Be careful, your iPhone can call the police when you’re skiing

Apple’s collision detection causes problems on the ski slopes. How do you prevent Accident Registration from notifying the emergency services by mistake?

Your iPhone and your Apple Watch wants to take care of you, but sometimes these devices are overzealous. To try to save your life in the event of a car accident, these can prevent the preparedness for you. But sometimes this emergency system is accidentally triggered. One moment you’re skiing on the slopes, the next you’re explaining to the police that no, you’re not in danger.

Apple’s collision detection causes problems on the ski slopes

The standard function here is of course Crash Detection, which is found in the iPhone 14, 14 Plus, 14 Pro and 14 Pro Max, as well as the Apple Watch Series 8, Apple Watch Ultra and Apple Watch SE. The system analyzes your surroundings to determine whether you are in a serious accident. The devices account for frontal, side, rear and rollover impacts, according to Apple. Unfortunately, the set is a bit too sensitive.

KSL reports several cases of accident registration, not due to car accidents, but simply for users who were skiing. According to the local emergency services, their services are alerted three to five times a day for this false reason.

Apple thought and designed Crash Detection with a buffer period. When your iPhone or Apple Watch detects an accident, you have 20 seconds to tell whether you have actually been involved in an accident. When skiing, you will likely miss the 20-second window and help will be alerted.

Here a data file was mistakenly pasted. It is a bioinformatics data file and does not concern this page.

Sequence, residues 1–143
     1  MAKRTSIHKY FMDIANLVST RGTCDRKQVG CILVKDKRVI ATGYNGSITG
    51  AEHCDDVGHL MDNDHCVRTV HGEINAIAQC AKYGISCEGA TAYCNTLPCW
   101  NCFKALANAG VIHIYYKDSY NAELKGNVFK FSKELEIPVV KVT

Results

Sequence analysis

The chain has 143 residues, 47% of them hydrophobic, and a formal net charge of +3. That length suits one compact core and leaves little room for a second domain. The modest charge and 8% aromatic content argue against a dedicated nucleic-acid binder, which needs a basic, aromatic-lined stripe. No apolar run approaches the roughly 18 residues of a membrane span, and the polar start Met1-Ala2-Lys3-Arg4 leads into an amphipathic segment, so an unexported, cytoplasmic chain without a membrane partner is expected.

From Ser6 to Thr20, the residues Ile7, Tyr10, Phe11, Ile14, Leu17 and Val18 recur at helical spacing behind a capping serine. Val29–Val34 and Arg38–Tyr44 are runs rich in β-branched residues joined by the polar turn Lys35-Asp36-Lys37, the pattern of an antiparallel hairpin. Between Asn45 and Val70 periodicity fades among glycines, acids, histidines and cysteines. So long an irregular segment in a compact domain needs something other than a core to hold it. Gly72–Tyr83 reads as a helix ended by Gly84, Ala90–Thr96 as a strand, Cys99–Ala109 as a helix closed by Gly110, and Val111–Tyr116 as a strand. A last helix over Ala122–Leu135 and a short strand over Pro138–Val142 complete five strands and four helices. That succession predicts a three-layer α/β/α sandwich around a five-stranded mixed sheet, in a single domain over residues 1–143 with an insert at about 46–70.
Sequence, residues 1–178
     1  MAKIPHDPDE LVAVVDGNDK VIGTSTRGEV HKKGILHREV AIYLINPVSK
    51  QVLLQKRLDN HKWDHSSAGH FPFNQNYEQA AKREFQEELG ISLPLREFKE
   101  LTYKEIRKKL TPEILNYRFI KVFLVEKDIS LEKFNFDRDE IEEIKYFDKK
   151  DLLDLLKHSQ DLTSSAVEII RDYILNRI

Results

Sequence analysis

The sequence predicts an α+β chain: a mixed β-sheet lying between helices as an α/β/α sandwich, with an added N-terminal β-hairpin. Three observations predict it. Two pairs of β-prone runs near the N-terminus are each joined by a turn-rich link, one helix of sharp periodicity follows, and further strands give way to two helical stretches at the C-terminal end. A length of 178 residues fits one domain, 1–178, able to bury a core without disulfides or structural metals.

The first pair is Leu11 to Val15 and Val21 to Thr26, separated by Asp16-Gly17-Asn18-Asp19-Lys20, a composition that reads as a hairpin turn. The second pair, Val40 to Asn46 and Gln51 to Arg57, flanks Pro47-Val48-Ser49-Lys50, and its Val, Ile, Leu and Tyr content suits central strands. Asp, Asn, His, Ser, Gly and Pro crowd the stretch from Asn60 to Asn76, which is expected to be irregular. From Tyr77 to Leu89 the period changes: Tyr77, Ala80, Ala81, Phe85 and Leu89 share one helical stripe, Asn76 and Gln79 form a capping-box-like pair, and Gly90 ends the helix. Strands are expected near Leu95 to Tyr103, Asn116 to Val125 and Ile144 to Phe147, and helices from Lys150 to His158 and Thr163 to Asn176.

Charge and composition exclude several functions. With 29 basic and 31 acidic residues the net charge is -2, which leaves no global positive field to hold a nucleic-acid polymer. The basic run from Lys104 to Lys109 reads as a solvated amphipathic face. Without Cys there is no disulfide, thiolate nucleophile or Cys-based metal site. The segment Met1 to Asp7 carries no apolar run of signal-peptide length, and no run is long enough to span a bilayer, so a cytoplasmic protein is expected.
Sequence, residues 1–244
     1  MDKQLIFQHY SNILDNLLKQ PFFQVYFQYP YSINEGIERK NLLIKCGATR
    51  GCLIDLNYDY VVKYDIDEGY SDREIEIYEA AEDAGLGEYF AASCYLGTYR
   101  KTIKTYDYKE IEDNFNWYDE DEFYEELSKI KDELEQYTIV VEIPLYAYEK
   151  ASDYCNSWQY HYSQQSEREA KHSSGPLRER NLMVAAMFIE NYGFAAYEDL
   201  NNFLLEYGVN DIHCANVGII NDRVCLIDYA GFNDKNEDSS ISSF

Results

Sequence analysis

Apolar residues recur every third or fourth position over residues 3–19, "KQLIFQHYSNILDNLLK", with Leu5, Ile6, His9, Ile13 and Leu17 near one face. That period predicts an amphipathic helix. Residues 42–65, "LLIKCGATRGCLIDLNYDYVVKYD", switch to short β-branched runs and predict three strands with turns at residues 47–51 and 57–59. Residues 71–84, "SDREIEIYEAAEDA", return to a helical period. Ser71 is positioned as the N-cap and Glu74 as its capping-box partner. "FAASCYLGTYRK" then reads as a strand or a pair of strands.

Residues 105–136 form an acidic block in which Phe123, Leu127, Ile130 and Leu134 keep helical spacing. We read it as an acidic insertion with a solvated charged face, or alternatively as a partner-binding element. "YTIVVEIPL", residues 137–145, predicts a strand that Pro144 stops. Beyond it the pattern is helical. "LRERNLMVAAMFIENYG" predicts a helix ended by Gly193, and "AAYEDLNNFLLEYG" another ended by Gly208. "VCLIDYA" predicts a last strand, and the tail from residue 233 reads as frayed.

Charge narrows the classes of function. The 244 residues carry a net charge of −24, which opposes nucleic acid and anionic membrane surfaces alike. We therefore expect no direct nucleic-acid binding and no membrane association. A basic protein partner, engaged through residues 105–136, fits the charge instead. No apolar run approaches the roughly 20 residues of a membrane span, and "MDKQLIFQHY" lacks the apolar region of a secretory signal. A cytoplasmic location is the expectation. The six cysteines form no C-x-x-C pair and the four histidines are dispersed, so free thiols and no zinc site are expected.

And the police are not the only ones who need to be warned. If you have defined emergency contacts, your iPhone or Apple Watch will also notify them by sending them your location. They might then wonder how a car accident can happen in the middle of a ski area, but hey…

This is not the first time that Accident Detection has been caught in this way. Apple had already had to install a patch after iPhone owners saw their device contact emergency services during a roller coaster ride. A further example therefore that any high speed activity, or at least significant variations in speed, can trigger the system.

Having said that, you probably don’t want your trip to the mountains to be constantly interrupted by emergency services either. If you know you’re going skiing, you can disable the feature’s auto-dial. On your iPhone, go to Settings > Emergency Calls, then turn off “Call for Serious Accident.” To turn off the feature on your Apple Watch, open the Watch app on your iPhone, select “Emergency calls” and disable “Call after serious accident”. Remember to reactivate the system before returning to your vehicle.

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